CoStar: U.S. hotels’ GOPPAR declines in June due to labor cost

The agency reports 13 of the top 25 markets saw GOPPAR levels below June 2022

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In June 2023, GOPPAR reached $91.37, showing a 1.4 percent decline from June 2022. TRevPAR stood at $237.12, indicating a 4.8 percent increase, while EBITDA PAR amounted to $66.78, experiencing a 5.6 percent decrease from June 2022. Labor costs surged to $75.48, reflecting a 13.4 percent increase compared to the same period last year.

GOPPAR FOR U.S. hotels fell year-over-year for a second consecutive month in June, primarily due to the escalating labor costs, according to CoStar’s June 2023 Profit & Loss data. Despite the year-over-year decline, the GOPPAR level showed signs of improvement compared to May.

In June 2023, GOPPAR reached $91.37, showing a 1.4 percent decline from June 2022. TRevPAR stood at $237.12, indicating a 4.8 percent increase, while EBITDA PAR amounted to $66.78, experiencing a 5.6 percent decrease from June 2022. Labor costs surged to $75.48, reflecting a significant 13.4 percent increase compared to the same period last year.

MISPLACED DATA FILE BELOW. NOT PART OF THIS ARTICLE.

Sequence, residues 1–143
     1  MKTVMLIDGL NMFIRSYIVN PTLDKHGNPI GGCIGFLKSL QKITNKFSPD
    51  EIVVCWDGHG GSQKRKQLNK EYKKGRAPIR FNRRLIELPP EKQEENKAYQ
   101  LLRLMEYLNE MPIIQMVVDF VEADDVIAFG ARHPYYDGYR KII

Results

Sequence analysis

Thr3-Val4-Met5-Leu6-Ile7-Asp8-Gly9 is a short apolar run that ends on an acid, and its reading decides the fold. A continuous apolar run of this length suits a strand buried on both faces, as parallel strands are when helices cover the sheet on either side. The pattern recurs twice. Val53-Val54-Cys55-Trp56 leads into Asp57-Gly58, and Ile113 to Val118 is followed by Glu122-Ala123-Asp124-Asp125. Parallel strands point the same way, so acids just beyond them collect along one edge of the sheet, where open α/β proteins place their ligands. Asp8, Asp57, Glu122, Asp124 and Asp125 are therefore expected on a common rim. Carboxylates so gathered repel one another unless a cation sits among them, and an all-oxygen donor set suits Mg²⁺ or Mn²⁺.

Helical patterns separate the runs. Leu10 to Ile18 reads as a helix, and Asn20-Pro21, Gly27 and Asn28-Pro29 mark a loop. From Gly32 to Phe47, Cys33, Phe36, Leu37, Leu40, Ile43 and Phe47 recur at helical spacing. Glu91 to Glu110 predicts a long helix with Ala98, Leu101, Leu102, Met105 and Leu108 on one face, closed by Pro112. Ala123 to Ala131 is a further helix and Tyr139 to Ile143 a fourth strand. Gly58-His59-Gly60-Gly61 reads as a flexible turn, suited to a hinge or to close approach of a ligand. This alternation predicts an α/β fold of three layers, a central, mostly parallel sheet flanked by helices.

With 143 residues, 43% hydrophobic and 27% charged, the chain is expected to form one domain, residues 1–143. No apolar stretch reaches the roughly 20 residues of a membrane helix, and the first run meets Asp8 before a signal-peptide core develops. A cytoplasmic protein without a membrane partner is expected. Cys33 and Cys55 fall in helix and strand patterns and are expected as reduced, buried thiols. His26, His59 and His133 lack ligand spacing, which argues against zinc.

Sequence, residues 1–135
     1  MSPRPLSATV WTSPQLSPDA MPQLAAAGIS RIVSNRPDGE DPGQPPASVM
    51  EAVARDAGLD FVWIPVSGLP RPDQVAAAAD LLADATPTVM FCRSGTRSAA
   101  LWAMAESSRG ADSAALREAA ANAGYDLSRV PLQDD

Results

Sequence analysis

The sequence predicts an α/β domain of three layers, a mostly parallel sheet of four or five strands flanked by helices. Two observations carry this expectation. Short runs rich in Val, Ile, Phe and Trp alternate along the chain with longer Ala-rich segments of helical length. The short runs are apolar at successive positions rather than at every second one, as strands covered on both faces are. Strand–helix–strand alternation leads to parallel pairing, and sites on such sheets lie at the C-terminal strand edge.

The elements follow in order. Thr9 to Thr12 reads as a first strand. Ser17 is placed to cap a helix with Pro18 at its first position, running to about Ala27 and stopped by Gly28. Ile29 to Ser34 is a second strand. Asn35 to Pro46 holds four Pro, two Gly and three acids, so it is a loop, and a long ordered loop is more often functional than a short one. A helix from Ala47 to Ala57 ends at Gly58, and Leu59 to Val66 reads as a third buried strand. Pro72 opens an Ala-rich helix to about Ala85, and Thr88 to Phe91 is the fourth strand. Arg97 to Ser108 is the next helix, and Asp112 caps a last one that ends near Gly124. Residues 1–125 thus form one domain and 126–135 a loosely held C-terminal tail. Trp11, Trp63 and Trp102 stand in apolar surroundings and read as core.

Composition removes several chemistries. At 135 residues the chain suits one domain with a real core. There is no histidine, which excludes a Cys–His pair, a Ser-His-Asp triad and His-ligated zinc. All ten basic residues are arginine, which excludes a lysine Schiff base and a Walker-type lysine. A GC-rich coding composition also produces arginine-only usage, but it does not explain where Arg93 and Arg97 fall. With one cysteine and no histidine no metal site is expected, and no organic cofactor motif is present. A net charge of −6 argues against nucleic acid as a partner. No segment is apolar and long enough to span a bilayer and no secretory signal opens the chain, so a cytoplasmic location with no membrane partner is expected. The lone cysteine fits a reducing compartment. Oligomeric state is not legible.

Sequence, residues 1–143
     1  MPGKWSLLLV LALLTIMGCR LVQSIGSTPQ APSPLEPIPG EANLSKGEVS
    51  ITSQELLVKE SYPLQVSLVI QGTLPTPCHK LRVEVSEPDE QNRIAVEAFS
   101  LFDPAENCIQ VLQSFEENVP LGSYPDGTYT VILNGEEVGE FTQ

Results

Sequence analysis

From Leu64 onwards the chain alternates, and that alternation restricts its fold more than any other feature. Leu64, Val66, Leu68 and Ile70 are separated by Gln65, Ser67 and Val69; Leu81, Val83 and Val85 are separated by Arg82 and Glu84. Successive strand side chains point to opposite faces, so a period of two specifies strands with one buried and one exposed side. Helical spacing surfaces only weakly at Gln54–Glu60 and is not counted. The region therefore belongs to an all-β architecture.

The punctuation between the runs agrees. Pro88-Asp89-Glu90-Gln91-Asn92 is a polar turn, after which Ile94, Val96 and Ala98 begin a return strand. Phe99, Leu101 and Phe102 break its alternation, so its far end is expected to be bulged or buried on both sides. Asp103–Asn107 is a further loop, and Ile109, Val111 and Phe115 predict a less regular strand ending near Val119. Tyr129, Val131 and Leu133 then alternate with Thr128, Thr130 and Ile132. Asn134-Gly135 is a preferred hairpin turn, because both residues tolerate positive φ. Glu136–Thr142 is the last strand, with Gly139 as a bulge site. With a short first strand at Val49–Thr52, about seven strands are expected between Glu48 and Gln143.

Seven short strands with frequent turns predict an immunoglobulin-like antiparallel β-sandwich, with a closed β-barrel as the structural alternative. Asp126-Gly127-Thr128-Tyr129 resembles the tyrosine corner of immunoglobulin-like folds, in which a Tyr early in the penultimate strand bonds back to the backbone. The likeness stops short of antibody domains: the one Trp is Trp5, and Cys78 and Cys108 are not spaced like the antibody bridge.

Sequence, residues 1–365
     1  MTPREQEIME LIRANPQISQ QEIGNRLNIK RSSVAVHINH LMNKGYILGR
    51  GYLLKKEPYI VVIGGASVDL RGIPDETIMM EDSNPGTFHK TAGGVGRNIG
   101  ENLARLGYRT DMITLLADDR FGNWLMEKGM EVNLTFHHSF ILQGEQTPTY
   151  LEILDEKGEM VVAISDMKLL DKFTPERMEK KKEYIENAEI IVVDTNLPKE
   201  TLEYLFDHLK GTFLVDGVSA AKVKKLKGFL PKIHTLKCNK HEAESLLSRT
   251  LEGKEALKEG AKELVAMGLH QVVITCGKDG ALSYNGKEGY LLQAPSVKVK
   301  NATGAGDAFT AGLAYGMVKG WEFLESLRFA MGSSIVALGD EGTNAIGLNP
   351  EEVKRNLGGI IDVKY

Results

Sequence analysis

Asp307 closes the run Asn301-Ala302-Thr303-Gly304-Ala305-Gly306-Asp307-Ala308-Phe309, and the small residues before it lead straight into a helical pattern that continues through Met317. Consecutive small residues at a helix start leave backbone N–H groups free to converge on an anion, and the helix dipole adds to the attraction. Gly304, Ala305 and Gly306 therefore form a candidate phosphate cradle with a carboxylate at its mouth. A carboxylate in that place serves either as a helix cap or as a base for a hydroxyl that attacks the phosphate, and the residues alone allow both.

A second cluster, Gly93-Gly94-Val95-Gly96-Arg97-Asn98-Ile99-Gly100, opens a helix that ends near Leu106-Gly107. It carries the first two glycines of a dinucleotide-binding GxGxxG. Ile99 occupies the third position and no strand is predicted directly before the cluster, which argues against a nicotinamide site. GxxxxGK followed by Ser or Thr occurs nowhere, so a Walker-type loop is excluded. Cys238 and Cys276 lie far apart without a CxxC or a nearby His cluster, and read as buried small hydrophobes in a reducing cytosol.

“Labor costs continued to rise year-over-year, growing nearly three times the rate of total revenue,” said Raquel Ortiz, STR’s director of financial performance. “That increase, tied with higher growth in other expense types, caused a profit decline from last June. Despite the year-over-year decline, the GOPPAR level was improved from May, and with cooling inflation, real GOPPAR and TRevPAR were up month over month for the first time since March.”

Thirteen out of the top 25 markets experienced GOPPAR levels below those of June 2022, with San Francisco having the lowest index standing at 52 percent of the 2022 levels.

Las Vegas was the only other market to report a GOPPAR index below 80 percent, holding at 68 percent of the 2022 levels.

“Year to date through June, the top 25 markets were still $2 behind 2022 in GOPPAR and three percentage points behind the previous year’s GOP margin,” Ortiz said. “These major markets still have some ground to cover as the year progresses.”

In May, GOPPAR levels declined primarily due to weak revenue growth and substantial labor costs. Summer is expected to bring increased revenue to offset springtime expenses.